8 Things To Do If You Don’t Like Your Friend’s Partner

by Eva Taylor Grant

It's a well-known adage that you shouldn't tell your friend that you dislike their partner. It just generally doesn't go well. So figuring out what to do if you don't like your friend's partner can be incredibly tough. Unfortunately though, it's a common problem, so there are some known solutions.

When your friend starts dating someone you don't like, things can get very real, very fast. "No doubt this puts a friendship to the test but it definitely doesn't have to spell the end of your relationship with your friend," Eileen Purdy, master of social work and anxiety therapist, tells Bustle. It's just tricky to hit the ground running with "I don't like your significant other."

"The problem with confronting someone about their partner is that it forces them to think of reasons to justify why they are with that partner," David Bennett, counselor and relationship expert with Double Trust Dating, tells Bustle. "So, every time you bring up a friend’s partner’s faults, it causes them to defend their partner, which further reinforces their decision to be with them. My experience is that unless they come to see their partner’s faults on their own, they won’t really listen to you as a friend." So yes, it's tricky territory. But there are ways around it.

Here are eight things you can do if you don't like your friend's partner, according to experts.


Try Not To Be Reactive

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If you're going to tackle this potentially major issue, you're going to need to be able to keep a level-head. "You can tell your friend how you feel about their partner only after you have been able to meet and spend time with them, and if you see that this may be becoming serious," Dr. Danielle Forshee, doctor of psychology and licensed clinical social worker, tells Bustle. "In the event that you decide that you need to say something to your friend, make sure you come prepared with objective examples of behaviors that you can present to your friend to help your friend understand this is coming from a place of concern and care rather than jealousy or any other emotional response." When you approach the situation like this, your friend is less likely to get defensive or upset about what you've said.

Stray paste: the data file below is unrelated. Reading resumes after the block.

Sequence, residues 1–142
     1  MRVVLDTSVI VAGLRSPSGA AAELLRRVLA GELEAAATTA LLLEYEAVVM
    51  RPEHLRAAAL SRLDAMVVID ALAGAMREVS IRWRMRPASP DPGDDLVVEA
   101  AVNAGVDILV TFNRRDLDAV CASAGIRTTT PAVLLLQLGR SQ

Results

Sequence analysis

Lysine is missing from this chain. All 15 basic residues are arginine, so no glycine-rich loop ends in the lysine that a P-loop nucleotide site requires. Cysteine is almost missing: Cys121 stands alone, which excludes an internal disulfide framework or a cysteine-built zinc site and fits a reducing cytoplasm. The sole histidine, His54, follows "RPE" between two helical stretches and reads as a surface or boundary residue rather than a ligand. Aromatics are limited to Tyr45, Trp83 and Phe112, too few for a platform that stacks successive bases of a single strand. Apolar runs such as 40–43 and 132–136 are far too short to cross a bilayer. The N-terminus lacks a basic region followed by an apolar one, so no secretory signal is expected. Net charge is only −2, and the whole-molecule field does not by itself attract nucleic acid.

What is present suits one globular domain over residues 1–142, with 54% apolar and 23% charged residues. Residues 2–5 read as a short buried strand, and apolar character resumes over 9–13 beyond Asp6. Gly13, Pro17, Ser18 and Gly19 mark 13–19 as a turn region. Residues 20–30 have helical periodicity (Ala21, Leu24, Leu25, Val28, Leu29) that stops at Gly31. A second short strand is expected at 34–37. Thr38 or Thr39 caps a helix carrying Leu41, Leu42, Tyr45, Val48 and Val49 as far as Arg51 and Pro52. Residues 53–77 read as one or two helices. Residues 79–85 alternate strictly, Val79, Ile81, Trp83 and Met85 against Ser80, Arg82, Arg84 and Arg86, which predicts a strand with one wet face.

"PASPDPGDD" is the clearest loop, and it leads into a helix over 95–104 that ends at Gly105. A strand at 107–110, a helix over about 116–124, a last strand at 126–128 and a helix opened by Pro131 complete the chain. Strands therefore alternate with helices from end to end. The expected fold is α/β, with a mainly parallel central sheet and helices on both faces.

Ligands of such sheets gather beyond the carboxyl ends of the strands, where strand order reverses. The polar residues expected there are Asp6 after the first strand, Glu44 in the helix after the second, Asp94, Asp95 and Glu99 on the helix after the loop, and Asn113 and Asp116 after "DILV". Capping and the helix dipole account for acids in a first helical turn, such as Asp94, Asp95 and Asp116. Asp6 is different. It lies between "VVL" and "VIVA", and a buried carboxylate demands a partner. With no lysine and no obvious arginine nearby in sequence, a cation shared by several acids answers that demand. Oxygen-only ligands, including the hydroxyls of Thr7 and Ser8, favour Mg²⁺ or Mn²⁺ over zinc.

It'll also help if you have a few situation-diffusers up your sleeve. "If you really can't stand the person and want to tell your friend that, make sure you have a couple of neutral or positive qualities you can add when you are sharing your thoughts," Purdy says. This conversation may not go fantastically, but at least you'll have put your best foot forward.


Find Something Good About Them

As long as your friend isn't in a toxic or abusive relationship, try to give your friend's partner the benefit of the doubt. Once you've identified some OK qualities about your friend's partner, see if you can dig a little deeper. If you can find at least one thing you genuinely appreciate about them, doubtless the whole situation will get a bit easier.

"Force yourself to find some redeeming quality in the partner you don't like and focus your attention on that quality," Purdy suggests. "This can be challenging, no doubt, because it takes a level of maturity and wisdom that can be hard to muster in these circumstances, but you will be a better person and save your friendship if you can do it." Even if you're grasping at straws, it's a good exercise.


Recognize Your Own Confirmation Bias

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If you've already decided that the partner is trash, you're likely to only keep noticing the trash things that they do.

"Our brains look for information that supports our thoughts and beliefs," Purdy says. "When you don't like someone or something your brain is then 'programmed' to find examples to support this. And it will do that by leaps and bounds! Recognize this bias exists in everyone and challenge yourself to see the person in different ways. You can still see that 'bad' stuff and you're not being asked to change your mind but try to counter your confirmation bias by seeing other things as well." So, at least, there's a chance that you'll be a little bit less exasperated by this significant other. And at best, you'll notice that they aren't as bad as you think they are.